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Staying Safe when Boating

Boating is one of the favourite sports and recreational activities in Canada. According to the government records, Canadians own around […]

Boating is one of the favourite sports and recreational activities in Canada. According to the government records, Canadians own around 4.3 million boats in 2012 and the number is steadily on the rise. Reports also suggest that 35 percent of the Canadian population (around 12 million people) went boating in 2011- 12.

While boating is a very enjoyable sport, especially because Canadian water bodies are so scenic, this beautiful activity can lead to untoward accidents if you are not careful. The government report also shows that between 1991 and 2006, almost 2,232 people died from boating related accidents. The sad thing is that most of these accidents were avoidable, if only people had followed important safety precautions.


Wear a lifejacket

Studies estimate that nearly 12% boating related deaths occur because the victims were not wearing a proper life jacket. Everybody, both swimmers and non-swimmers, need life jackets. When a boat capsizes, even swimmers may face problems reaching the shore or staying afloat until help arrives. Also make sure that the life jacket is in excellent shape.

Speed might thrill but it kills too

Speeding can seem irresistible to those who love the surge of adrenaline. However, speeding can be fatal because it is all the more difficult to veer clear of obstacles in water than on land. When you are in water, it is tougher to estimate distance and speed of other vehicles.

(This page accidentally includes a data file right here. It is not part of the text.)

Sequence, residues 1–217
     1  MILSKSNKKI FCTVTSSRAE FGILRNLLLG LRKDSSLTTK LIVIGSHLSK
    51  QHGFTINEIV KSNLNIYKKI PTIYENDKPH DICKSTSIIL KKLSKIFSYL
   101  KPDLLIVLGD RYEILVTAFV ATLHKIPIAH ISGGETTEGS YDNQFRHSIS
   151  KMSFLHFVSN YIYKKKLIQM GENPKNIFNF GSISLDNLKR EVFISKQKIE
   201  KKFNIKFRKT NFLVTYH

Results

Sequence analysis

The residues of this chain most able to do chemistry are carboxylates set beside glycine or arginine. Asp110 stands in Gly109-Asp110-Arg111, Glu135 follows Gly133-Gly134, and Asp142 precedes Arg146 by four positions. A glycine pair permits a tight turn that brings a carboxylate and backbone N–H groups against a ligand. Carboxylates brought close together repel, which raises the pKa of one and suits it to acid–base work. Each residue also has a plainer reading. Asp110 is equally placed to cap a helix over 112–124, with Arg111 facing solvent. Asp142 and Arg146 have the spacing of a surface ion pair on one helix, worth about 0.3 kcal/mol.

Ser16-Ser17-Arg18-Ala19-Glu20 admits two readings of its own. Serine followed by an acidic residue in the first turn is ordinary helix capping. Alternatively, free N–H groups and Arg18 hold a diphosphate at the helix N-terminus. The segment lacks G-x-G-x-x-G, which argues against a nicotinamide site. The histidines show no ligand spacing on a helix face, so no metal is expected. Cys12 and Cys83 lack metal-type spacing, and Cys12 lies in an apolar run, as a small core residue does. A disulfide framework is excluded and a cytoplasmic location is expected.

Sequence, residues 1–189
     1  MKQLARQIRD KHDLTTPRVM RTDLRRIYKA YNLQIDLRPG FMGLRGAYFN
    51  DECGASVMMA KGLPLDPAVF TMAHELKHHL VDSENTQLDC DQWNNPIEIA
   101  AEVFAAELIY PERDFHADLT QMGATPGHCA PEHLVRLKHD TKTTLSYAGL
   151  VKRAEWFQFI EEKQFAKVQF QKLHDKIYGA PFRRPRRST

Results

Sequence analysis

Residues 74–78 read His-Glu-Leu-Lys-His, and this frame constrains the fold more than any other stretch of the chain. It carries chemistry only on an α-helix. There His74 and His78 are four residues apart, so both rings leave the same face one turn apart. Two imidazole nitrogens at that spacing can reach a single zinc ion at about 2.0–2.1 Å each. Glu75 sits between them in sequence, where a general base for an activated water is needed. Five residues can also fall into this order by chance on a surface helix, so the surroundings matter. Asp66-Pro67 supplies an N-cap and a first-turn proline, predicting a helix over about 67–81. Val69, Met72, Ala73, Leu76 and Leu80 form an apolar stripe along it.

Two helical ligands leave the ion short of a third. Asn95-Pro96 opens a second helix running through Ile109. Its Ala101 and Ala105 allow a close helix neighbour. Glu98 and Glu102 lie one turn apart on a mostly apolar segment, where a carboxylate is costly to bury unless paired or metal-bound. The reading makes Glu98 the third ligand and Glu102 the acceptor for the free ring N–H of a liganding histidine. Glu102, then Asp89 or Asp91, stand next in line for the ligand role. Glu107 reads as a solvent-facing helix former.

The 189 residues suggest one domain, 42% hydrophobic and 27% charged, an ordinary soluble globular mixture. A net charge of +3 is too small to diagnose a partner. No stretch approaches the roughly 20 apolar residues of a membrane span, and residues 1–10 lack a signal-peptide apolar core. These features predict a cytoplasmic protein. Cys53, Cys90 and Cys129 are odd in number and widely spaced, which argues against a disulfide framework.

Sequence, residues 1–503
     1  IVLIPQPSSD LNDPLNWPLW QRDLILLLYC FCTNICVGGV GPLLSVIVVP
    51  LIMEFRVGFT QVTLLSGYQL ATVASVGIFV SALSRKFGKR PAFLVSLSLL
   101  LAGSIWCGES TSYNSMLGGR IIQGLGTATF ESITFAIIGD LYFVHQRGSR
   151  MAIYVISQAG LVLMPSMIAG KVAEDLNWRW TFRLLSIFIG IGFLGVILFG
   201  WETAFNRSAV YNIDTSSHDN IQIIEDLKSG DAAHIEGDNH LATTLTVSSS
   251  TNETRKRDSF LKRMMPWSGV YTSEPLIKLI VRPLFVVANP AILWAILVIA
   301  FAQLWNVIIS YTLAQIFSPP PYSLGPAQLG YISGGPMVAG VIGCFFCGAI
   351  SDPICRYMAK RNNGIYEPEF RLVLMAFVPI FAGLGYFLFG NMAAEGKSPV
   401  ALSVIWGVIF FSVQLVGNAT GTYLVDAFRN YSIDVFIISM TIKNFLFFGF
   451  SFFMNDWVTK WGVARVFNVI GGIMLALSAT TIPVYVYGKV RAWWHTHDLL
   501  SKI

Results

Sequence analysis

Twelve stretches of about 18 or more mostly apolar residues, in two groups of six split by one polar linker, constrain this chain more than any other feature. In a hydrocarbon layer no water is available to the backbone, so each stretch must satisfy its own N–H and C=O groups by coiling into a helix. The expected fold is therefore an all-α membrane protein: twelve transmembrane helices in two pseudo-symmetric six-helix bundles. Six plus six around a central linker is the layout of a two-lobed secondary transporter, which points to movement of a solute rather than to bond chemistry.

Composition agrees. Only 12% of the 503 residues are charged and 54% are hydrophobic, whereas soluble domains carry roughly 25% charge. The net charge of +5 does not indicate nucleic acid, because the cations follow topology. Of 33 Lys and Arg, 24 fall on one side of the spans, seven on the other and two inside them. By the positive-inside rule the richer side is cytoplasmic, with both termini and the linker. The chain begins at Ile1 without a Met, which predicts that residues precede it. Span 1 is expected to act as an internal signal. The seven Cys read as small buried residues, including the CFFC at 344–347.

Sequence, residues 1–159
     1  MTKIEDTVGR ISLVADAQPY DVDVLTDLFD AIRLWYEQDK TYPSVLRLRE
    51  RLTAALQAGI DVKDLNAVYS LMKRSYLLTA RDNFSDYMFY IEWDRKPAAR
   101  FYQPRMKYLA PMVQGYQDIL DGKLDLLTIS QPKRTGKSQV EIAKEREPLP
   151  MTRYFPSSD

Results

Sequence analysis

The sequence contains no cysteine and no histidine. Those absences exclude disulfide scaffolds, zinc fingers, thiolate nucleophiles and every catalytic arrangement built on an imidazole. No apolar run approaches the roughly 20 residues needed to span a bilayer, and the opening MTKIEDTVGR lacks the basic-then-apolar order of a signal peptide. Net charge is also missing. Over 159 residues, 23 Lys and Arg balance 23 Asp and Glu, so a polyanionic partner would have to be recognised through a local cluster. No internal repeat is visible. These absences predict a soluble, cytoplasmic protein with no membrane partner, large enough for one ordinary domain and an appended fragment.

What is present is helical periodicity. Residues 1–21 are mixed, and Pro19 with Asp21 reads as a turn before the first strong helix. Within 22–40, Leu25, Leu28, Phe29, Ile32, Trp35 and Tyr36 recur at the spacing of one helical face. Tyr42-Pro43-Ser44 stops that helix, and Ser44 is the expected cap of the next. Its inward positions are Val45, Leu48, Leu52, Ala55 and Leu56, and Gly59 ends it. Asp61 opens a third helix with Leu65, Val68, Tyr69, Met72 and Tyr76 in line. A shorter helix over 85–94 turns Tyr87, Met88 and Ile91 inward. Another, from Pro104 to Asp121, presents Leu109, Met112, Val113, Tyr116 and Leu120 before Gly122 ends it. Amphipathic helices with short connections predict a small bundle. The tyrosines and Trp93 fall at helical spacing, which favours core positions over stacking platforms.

The speed at which you travel depends on several factors such as the type of boat, the speed at which it can change directions, boat traffic in the water, divers swimming in the area and presence of obstacles such as rocks and tree stumps.

Speed needs to be very low when the water body is blanketed in fog or mist. Speeding not only poses a risk to you, but also to the other boats and divers in the same waters.

Beware of large vessels

Vessels larger than yours can pose a risk because they cannot see you in time and steer away. When you are in a smaller boat, it is easier for you to avoid large vessels. Make sure that you do not get in the way of large vessels. Check out shipping lanes and stay away from them. Maintain a good distance from towing vessels as well.

Carry a basic toolkit

Mechanical problems in the boat can cause serious problems. So, carry a toolkit and learn how to repair small things in the boat. By taking these measures, you will be able to avoid the boat from sinking or capsizing until another vehicle comes to your rescue.

Safety precautions can save your life. So, make sure you follow them.

Author Bio: David Hammel is freelance writer, professional blogger and an avid boater. He Napanee area and enjoys blogging for about his boating knowledge and experiences.

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